With KCAD Artist Residency, Recent Graduate Casey Newberg Paying Professional Success Forward

Posted January 14, 2019 in Product Design, Student, Alumni, Metals & Jewelry Design

When Casey Newberg graduated from Kendall College of Art and Design of Ferris State University’s (KCAD’s) Allesee Metals and Jewelry Design program this past May, an incredibly rare and valuable opportunity lay before her.

Not long before donning her cap and gown, Newberg landed one of ten $15,000 Windgate Fellowship awards given out by the Center for Craft in 2018 thanks to her mission to bring the relatively old process of electroforming—using an electrolytic bath to deposit electroformable metals like nickel or copper onto a conductive surface—into the 21st century. Along with an enormous sense of accomplishment, the award also gave Newberg the freedom to continue her education as she saw fit.

First, she headed to Italy to immerse herself in the country’s wealth of classical sculpture, soaking up the clean lines and graceful contours as inspiration for her own work, which deals with femininity and the feminine figure. From there it was on to North Carolina and the Penland School of Crafts, where Newberg worked alongside Professor and Metals and Jewelry Design Program Chair Phil Renato as he taught a three-week class on comb-making. Then, a pilgrimage to Temple University’s Tyler School of Art and its expansive electroforming facilities, established by acknowledged field leader Stanley Lechtzin.

Now, Newberg’s journey has led her back to KCAD, where she’s undertaking an artist residency aimed at furthering her own creative development while empowering current students to do the same.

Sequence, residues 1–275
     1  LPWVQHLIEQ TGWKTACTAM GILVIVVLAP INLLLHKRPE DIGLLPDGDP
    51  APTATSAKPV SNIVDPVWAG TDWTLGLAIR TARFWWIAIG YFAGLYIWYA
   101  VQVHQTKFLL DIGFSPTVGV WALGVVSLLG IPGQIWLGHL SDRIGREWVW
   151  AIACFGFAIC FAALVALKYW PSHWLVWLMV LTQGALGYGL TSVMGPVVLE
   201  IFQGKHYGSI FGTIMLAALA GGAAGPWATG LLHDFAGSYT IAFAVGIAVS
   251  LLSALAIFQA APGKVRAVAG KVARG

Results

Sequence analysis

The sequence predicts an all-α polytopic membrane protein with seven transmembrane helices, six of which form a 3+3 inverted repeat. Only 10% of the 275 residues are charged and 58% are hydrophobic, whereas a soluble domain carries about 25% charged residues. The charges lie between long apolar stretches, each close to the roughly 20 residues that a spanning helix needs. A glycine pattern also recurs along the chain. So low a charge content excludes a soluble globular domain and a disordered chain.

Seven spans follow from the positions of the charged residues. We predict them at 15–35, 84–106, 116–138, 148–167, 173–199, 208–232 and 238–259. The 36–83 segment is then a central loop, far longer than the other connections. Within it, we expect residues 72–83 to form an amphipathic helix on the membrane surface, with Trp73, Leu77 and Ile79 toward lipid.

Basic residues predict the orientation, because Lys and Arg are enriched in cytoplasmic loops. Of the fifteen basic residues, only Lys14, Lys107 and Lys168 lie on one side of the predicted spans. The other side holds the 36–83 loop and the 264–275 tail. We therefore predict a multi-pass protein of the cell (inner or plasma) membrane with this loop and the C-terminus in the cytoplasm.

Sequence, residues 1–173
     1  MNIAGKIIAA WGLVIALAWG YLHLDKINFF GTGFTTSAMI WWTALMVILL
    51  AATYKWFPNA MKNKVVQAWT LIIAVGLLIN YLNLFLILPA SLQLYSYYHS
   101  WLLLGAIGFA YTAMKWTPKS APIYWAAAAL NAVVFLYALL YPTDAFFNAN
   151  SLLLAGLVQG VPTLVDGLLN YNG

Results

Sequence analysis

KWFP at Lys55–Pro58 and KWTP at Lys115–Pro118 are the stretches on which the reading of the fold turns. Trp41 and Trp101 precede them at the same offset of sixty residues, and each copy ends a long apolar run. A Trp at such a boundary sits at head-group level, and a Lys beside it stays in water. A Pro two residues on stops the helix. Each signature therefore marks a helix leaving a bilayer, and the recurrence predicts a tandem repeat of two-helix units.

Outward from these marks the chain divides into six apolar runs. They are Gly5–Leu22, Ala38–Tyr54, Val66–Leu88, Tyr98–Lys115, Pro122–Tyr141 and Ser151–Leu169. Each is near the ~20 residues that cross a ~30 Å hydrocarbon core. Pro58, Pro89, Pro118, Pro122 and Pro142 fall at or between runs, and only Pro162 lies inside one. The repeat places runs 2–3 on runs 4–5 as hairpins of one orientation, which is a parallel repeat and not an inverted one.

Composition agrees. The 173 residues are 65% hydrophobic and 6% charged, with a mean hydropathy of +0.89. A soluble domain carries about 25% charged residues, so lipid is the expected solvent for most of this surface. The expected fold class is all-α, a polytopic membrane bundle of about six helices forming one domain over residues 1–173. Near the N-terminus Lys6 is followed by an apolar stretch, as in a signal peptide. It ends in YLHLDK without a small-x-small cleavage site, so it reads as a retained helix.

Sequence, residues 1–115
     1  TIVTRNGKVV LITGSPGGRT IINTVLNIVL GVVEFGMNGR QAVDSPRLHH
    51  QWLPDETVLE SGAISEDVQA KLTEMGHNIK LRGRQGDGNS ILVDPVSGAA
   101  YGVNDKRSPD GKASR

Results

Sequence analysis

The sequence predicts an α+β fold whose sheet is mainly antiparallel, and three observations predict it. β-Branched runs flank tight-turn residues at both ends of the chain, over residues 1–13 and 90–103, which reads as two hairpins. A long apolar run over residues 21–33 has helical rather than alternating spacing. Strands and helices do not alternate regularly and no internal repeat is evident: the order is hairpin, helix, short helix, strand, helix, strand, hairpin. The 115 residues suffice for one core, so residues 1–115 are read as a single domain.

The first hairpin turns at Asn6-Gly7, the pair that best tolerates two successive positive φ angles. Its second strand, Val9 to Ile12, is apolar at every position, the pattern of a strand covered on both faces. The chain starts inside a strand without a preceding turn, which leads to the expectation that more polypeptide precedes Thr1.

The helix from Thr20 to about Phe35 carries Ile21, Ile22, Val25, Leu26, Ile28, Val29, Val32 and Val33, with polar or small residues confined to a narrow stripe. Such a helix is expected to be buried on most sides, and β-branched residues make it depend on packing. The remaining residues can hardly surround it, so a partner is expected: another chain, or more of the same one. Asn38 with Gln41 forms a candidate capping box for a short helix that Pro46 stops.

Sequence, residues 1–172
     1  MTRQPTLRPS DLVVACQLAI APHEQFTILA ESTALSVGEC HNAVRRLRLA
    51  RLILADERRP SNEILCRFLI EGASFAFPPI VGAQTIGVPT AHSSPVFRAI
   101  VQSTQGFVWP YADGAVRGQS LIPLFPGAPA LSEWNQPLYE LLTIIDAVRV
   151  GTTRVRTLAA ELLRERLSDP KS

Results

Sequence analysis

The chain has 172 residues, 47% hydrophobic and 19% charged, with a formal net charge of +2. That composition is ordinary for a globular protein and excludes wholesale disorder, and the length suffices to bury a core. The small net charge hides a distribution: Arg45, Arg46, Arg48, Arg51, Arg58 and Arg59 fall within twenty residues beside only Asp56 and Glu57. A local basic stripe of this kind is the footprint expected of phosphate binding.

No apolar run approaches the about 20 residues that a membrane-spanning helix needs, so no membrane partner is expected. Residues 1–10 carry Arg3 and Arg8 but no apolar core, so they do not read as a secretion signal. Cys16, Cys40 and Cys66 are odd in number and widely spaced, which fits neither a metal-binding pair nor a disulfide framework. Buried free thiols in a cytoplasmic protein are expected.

Woman sitting in a chair posing in front of her creative workspaceAlumna Casey Newberg in her studio space at KCAD, where she’ll be conducting an artist residency focused on her own creative exploration and mentorship of KCAD students

KCAD has provided Newberg with an expansive studio space on the second floor of the 17 Fountain St. NW building, where she’ll continue developing her latest body of work: cups, pitchers, and other vessels that blend electroformed metal and 3D-printed plastic into a sleek, futuristic aesthetic. The space will be used primarily for research and ideation, while most of her physical creative work will happen in the Metals and Jewelry Design studios and the Dow Center FLEXlab, the same places she honed her practice and process as a KCAD student.

3D printed objects on a tableSome of Newberg’s latest pieces in-process

“I’ll be able to connect with faculty and that’s so important to my work,” says Newberg. “Involving others and getting their perspective is a big part of what’s helped me grow as an artist and a professional.”

In exchange, Newberg will help steer a KCAD committee focused on identifying and vetting current students who would make good candidates to apply for a Windgate Fellowship award in 2019. The committee will select the two strongest candidates, and Newberg will then mentor each candidate as they move through the intensive fellowship application process.

“The Windgate Fellowship has opened up possibilities that I would have never dreamed of,” Newberg says. “I’m looking forward to helping make these same kinds of opportunities possible for others.”  

Woman gesturing with her hands to a group of people gathered around her(above and below): Newberg walking KCAD students and faculty through her work, process, and inspiration

Woman talking to a group of people as she gestures toward a graphic hanging on the all

While at KCAD, Newberg will also make herself and her studio space an open resource for existing students.

“I have an open-door policy, so I’m interested in connecting with any student who’s interested in my work, whose work connects to mine in an interesting way, or students who are looking to collaborate or use my space for critiques,” she says. “I’m looking forward to interacting with students and giving them a sense of what our facilities can do and what they can do with their degree.”